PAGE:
There were many moments on the show that stood out for Kamini, and all of them revolved around food.
She talks about the soy-caramelised pig’s tongue with edamame beans that she ate at Pinbone in Sydney, the emmenthal and bacon spätzle she devoured in Berlin; and the sea buckthorn berry (a Vitamin C rich berry that has a zingy, tart flavour) that she ate in Copenhagen – all of which have deeply influenced and enriched her gastronomic knowledge base.
Still, Kamini says there are more places she would love to visit (to eat more food, of course) if the opportunity presented itself.
“I would love to visit more of South America and definitely more of Asia. The food and food culture in both regions are incredibly honest, which translates on screen. It isn’t about starched table cloths, it’s about eating in dimly-lit street corners and bustling markets – that is where you get a view of the people of that city. That’s where the delicious part of television is made,” she says.
While making the show, Kamini also discovered that being a television host isn’t just about looking pretty and eating good food. She had to be constantly on her toes, ready to endure anything and willing to put her best face forward, regardless of how she felt internally or physically.
“It was one of the most exciting but unglamorous experiences of my life. We travelled across nine countries in nine weeks, which is a hectic schedule. Within that, irrespective of whether I was tired or sick, the show had to go on, so I had to always be camera-ready,” she says.
Although she has travelled the world and eaten some of the best things on the planet, Kamini says she still feels tethered to her roots and finds ways to infuse South Indian flavours into the dishes she cooks herself.
“These days, as I discover more about my history and my link to India, those flavours have been included in my cooking. I have been using hints of Indian spices in dishes and techniques that are from all over the world. I made a garam masala risotto with pan-fried prawns and crispy briyani onions recently. It combined the warm, earthy spices of the masala with the creaminess of risotto. It was sublime!”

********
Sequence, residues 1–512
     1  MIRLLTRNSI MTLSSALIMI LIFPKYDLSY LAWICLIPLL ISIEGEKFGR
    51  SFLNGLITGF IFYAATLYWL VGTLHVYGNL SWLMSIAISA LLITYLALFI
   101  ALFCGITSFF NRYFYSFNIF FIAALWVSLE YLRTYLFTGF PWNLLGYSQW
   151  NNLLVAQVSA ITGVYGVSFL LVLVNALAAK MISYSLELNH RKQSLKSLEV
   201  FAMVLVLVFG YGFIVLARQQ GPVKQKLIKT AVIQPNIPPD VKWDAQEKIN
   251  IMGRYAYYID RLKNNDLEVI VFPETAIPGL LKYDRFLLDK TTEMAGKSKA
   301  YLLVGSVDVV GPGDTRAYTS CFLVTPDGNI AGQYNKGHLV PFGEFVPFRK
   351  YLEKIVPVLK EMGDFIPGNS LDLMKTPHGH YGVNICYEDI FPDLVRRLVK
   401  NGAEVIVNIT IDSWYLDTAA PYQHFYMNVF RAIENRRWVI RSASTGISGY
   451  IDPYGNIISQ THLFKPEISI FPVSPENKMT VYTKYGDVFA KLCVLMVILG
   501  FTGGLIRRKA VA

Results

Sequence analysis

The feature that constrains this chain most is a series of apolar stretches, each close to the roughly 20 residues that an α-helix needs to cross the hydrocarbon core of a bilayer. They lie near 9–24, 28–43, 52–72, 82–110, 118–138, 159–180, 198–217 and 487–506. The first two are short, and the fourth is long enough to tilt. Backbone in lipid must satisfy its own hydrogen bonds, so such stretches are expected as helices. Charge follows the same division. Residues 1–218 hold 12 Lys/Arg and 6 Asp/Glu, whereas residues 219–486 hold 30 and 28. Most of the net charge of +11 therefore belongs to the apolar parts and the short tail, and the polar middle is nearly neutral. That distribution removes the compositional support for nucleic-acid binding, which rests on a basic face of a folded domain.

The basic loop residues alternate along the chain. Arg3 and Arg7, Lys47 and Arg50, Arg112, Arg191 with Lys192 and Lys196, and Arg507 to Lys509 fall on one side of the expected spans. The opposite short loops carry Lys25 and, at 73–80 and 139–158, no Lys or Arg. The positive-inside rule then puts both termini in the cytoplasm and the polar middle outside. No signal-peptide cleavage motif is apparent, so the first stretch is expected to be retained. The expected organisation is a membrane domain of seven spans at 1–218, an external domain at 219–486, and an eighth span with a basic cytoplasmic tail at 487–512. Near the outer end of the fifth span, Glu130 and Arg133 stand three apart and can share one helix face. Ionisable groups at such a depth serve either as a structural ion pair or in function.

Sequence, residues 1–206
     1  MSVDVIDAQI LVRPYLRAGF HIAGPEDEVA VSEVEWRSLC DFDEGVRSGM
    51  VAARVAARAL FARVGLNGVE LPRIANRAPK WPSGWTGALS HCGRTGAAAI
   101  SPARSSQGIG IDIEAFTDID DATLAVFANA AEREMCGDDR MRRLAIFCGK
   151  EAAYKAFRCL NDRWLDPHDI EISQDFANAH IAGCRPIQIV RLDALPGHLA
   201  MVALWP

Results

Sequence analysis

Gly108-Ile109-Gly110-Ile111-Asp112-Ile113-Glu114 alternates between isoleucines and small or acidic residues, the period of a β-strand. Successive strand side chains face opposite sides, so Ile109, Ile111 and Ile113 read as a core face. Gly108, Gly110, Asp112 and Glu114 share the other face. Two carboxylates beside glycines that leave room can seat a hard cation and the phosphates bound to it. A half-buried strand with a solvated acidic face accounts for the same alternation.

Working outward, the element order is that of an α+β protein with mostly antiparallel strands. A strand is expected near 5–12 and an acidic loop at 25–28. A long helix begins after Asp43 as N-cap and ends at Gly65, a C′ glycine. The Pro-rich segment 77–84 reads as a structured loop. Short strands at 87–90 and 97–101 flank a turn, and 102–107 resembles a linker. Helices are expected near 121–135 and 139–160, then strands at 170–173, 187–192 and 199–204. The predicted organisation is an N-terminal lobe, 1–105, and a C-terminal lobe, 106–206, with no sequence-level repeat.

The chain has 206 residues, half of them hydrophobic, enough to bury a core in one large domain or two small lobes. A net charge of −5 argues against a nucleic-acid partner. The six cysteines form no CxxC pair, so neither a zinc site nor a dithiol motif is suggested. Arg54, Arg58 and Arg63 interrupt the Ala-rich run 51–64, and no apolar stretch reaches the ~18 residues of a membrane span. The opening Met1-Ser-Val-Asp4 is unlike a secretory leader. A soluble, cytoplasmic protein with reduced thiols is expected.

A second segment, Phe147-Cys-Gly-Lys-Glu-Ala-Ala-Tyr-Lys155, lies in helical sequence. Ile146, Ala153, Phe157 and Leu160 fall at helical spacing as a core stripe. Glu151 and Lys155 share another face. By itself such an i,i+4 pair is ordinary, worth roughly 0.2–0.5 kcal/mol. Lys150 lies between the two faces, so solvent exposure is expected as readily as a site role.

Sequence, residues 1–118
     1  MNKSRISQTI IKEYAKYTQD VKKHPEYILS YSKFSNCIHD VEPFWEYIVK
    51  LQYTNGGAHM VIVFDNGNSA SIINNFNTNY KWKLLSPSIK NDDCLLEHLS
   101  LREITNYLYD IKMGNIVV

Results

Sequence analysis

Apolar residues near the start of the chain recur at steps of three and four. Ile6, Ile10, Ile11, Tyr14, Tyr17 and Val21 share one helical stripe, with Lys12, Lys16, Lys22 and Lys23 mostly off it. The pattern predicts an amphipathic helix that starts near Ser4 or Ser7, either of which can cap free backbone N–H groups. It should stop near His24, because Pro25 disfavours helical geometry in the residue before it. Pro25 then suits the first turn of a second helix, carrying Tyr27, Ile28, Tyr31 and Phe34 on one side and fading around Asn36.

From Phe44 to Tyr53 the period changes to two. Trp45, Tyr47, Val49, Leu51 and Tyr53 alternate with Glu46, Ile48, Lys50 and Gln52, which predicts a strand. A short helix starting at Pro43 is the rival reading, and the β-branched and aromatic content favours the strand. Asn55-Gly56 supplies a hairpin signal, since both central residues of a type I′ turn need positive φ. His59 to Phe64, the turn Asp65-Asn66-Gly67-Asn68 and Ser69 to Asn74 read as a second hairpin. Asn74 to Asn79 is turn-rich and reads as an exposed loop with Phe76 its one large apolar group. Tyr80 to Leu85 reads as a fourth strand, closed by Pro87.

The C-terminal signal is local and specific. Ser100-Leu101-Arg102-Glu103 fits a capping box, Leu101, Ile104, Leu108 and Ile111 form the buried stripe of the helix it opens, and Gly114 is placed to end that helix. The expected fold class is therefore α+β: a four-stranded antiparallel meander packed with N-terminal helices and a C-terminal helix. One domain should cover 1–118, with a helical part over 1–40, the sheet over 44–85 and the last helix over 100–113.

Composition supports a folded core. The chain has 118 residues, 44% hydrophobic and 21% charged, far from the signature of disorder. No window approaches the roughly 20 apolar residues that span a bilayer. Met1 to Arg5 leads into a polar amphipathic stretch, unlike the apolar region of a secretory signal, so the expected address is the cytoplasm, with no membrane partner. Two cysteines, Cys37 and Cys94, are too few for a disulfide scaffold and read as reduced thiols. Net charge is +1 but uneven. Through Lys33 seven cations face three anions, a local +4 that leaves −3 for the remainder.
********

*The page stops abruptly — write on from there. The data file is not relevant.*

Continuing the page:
“Cardamon or elachi is my favourite spice. It is used in sweet and savoury cooking and I have used elachi in shortbread, creme patisserie-filled choux pastry and panna cotta with much success,” she says.
This year, Kamini will be dipping her toes in a brand new endeavour: her own range of kitchenware called Kitchen Culture by Kamini. There will be three non-stick pans and a wok in the range that will hit major stores in South Africa in May 2017. Kamini says the whole idea behind her cookware is to inspire more young people to spend time cooking with gadgets that actually help make their lives easier.
Ultimately though, Kamini says her relationship with food is simple – it is the tool that helps her connect with and understand the rest of the world.
“Food is personal and allows me to share a part of myself with the people who dine with me. That’s the reason I travel and I eat – I want to understand other people, where they have been and how they have lived, through what they eat,” she says.
The complete season of Girl Eat World airs every day at 12.30pm on LiTV (Astro Channel 728) from April 10 to 20.